Over the years, carnival has provided me with a stream of memories. Each one as colourful as the next. I won’t bore you with the details of them because, if you’ve been, you know the drill. And if you haven’t, then I don’t want to ruin it for you. What I will say is that if it ceased to exist, I would definitely be at least 70% less happy come August bank holiday.

So, tonight, much the same as every year, I’ll get butterflies as the sound of rehearsals and the thick stench of spices fill the streets of West London in preparation for the celebrations to come. This is the biggest weekend of the year in my city and I won’t have a bad word said about it. 

My brother says it’s better than Christmas. And he L O V E S Christmas. So if you haven’t been, join us. If you have, then I’ll hopefully see you on the dance floor. Or should I say, the corner of All Saints Road?

Stay safe and have a good one.

Happy Bank Holiday.

THE BIRTHDAY

large (12)It’s that wonderful time of year again where I gain a wrinkle, four grey hairs and have a crisis of age.

I love birthdays.

Obviously the cards, presents and celebratory food cushion the blow, but why do I always panic when I realise that I’m another year older despite understanding – since the tender age of five – the simple concept of time?

Despite this blind, undying ignorance, birthdays aren’t all bad. Because mine happens to fall in the spring time – the season best known for new beginnings, bunny rabbits and general pinterest-worthy joyousness – I always treat them like a second New Year. I pledge vows to myself and set targets for the year ahead by reflecting on the things I’d have done differently, and of course, I rarely stick to my promises. So I thought, why break the habit of a life time?

Because I’m older, and a little wiser now. That’s why.

It’s essential to think about improvement, but it’s equally as important to realise how far you’ve come. So I will start by thinking about the things that I know now, that I wish I knew then.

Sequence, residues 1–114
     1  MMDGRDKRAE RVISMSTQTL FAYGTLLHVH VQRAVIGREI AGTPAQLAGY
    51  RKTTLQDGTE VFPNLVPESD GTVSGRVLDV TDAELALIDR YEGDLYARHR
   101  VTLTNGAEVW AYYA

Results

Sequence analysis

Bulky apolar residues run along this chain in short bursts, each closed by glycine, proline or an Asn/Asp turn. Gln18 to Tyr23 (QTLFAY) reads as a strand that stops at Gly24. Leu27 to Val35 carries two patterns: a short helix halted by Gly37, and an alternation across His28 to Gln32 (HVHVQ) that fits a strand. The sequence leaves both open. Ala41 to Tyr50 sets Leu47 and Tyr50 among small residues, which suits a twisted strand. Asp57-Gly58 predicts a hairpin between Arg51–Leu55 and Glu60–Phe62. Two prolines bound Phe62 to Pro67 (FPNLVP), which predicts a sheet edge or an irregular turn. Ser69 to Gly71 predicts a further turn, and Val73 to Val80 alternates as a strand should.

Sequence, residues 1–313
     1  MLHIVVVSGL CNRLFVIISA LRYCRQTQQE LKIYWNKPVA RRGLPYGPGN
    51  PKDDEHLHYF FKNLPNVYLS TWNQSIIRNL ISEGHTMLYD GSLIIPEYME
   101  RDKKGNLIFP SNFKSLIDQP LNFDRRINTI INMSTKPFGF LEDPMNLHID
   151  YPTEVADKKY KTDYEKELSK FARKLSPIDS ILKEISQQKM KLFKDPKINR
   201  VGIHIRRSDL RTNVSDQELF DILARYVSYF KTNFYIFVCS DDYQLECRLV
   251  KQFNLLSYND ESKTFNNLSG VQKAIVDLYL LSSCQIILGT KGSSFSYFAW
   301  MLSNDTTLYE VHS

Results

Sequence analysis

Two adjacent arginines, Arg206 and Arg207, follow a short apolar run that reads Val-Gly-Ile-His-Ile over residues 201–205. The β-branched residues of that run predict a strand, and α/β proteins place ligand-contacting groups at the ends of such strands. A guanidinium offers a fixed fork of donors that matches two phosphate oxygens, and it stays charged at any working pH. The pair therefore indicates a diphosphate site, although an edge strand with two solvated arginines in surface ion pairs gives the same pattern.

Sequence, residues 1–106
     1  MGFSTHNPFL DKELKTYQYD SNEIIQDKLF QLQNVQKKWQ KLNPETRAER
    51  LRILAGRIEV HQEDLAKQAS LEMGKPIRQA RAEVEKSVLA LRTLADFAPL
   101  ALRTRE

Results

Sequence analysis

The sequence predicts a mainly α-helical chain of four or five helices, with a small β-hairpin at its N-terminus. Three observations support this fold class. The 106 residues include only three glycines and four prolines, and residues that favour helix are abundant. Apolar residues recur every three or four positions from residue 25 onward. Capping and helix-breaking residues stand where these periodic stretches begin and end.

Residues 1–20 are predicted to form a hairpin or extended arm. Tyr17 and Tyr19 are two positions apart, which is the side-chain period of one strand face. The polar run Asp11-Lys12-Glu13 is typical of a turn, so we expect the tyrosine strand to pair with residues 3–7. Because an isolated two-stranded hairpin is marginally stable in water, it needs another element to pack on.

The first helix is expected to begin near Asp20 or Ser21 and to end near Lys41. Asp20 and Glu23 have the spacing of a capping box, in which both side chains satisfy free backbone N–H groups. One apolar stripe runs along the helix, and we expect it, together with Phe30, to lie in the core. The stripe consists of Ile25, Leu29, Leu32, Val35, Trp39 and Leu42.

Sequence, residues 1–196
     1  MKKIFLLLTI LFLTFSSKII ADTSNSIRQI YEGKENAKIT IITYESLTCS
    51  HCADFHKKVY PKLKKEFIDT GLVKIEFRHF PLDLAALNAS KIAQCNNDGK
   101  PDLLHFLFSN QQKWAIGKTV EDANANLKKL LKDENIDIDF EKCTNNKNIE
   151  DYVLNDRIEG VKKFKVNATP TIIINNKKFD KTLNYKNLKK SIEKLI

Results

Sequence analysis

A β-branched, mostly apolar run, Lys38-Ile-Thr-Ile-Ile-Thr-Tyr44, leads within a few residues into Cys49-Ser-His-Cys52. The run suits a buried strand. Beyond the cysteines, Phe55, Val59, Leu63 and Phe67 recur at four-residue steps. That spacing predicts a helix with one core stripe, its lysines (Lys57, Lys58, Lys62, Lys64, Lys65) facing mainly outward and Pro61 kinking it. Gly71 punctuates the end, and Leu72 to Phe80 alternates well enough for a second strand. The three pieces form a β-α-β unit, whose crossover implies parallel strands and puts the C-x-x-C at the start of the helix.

Here goes:

One. Things take time. This includes everything from projects, to love.

Don’t. Rush. Anything.

Two. Most people deserve a second chance. Rarely do people deserve a third.

Three. Do not, under any circumstances, fad diet. Just maybe cut down on the Kit Kats.

Four. Yoga is a whole lot more than stretching in tight pants. The older you get, the more you’ll realise this.

And five. Having fewer good friends is better than having lots of shit ones.

I could go on and on, as 25 years is actually quite a long time, but the gist is this: things will always be okay. Yes, I have had my heartbroken, but it’s fixed now. Of course, I have failed at things, but I’ve succeeded in so many others. And, much like you, I cut my own hair once. Badly. But it’s grown out now. What I’m trying to say is, despite living with these goddamn freckles and a butt the size of Narnia my entire life, there are plenty of people who would kill to be you or I. So instead of trying to better ourselves each year, why not give ourselves a pat on the back, just for making it this far? Because life isn’t always a lemon sorbet at the seaside, if you know what I mean? And we’re probably doing alright, considering.

Behind a haze of pollution and astonishing drink prices, it’s really rather easy to forget why you’re alive, but when your birthday swings round, and people come together just to celebrate the simple fact that you were born, it all, very suddenly, becomes oh so clear.

Always be thankful for what you have. And I’m not talking about that new camera.

Happy Birthday to me.